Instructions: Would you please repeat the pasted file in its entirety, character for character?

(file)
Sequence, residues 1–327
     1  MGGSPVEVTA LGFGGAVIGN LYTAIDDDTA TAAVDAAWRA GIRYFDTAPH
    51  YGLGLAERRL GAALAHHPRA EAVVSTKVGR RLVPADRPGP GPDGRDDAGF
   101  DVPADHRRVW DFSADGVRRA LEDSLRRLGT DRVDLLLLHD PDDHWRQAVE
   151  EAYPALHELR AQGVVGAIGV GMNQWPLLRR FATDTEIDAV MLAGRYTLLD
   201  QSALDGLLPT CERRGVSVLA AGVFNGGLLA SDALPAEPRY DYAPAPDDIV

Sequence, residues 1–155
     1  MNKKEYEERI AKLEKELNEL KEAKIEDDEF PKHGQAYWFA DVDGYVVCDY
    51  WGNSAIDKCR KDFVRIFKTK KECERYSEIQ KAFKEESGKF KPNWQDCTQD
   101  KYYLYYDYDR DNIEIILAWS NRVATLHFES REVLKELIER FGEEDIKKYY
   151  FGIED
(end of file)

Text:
Sequence, residues 1–327
     1  MGGSPVEVTA LGFGGAVIGN LYTAIDDDTA TAAVDAAWRA GIRYFDTAPH
    51  YGLGLAERRL GAALAHHPRA EAVVSTKVGR RLVPADRPGP GPDGRDDAGF
   101  DVPADHRRVW DFSADGVRRA LEDSLRRLGT DRVDLLLLHD PDDHWRQAVE
   151  EAYPALHELR AQGVVGAIGV GMNQWPLLRR FATDTEIDAV MLAGRYTLLD
   201  QSALDGLLPT CERRGVSVLA AGVFNGGLLA SDALPAEPRY DYAPAPDDIV

Sequence, residues 1–155
     1  MNKKEYEERI AKLEKELNEL KEAKIEDDEF PKHGQAYWFA DVDGYVVCDY
    51  WGNSAIDKCR KDFVRIFKTK KECERYSEIQ KAFKEESGKF KPNWQDCTQD
   101  KYYLYYDYDR DNIEIILAWS NRVATLHFES REVLKELIER FGEEDIKKYY
   151  FGIED